29 Trypanosomes

Michelle To and Valentin Villatoro

Images of peripheral blood smears showing C shaped trypanosomes (center). From MLS Collection, University of Alberta.

Image 1: 50x oil immersion. https://doi.org/10.7939/R3QZ22Z5K

Image 2: 100x oil immersion. https://doi.org/10.7939/R3M61C52N

 

Appearance:

Hemoflagellates that are often visualized using Giemsa stain during screening of thin and thick smears, though they are visible by regular Romanowsky staining procedures.1

 

Trypomastigotes appear C or U shaped in the peripheral blood, usually seen extracellular to the red blood cells.2

 

Organisms:

The Reduviid bug (“kissing bug”) carries Trypanosoma cruzi in it’s gut where it matures. During a blood meal, the Reduviid bug releases T.cruzi via feces onto the feeding sites or mucous membranes where it can cause infection in the bloodstream.2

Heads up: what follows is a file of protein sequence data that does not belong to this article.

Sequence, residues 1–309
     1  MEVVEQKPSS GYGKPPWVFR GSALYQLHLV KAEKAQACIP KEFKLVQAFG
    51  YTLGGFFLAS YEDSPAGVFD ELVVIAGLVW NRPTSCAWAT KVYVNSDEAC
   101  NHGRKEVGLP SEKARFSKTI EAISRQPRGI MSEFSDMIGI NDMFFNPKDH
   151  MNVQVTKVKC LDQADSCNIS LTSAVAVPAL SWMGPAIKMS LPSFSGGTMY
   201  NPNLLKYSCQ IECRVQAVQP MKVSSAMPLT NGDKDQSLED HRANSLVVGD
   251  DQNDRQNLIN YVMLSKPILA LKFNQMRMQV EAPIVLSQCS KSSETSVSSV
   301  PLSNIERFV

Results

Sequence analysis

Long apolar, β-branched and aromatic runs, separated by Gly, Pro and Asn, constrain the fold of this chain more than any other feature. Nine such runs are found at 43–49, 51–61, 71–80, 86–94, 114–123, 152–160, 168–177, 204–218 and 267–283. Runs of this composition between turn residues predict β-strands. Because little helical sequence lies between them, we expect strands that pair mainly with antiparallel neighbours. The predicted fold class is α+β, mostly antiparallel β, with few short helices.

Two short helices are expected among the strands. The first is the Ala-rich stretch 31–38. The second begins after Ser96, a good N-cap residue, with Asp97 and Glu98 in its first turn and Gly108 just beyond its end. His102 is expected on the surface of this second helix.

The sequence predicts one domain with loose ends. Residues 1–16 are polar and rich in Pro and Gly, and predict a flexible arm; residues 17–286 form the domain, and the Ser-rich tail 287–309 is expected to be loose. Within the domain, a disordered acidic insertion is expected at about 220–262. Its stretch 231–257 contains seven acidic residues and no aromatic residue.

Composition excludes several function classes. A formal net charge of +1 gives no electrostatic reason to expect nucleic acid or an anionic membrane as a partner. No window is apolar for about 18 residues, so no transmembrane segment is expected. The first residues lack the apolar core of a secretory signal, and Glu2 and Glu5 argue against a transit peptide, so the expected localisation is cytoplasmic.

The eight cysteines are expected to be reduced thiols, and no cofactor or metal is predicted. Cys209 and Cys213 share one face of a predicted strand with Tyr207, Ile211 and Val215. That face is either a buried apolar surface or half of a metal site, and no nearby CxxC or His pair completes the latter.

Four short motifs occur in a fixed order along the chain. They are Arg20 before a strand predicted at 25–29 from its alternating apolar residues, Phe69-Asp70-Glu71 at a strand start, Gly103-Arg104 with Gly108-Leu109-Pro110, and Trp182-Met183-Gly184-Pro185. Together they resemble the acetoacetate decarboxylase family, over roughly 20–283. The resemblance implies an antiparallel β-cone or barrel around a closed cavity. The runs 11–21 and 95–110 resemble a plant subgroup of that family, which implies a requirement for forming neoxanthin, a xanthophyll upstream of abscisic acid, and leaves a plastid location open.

Trypanosoma cruzi is the causative agent of Chagas Disease.2


References:

1. Rodak BF, Carr JH. Microorganisms. In: Clinical hematology atlas. 5th ed. St. Louis, Missouri: Elsevier Inc.; 2017. p. 195-202.

2. Ahmad N, Drew WL, Lagunoff M, Pottinger P, Reller LB, Sterling CR. Sarcomastigophora-the amebas. In: Ryan KJ, Ray CG, editors. Sherris medical microbiology. 6th ed. McGraw-Hill Education; 2014. p. 823-44.

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A Laboratory Guide to Clinical Hematology by Michelle To and Valentin Villatoro is licensed under a Creative Commons Attribution-NonCommercial 4.0 International License, except where otherwise noted.

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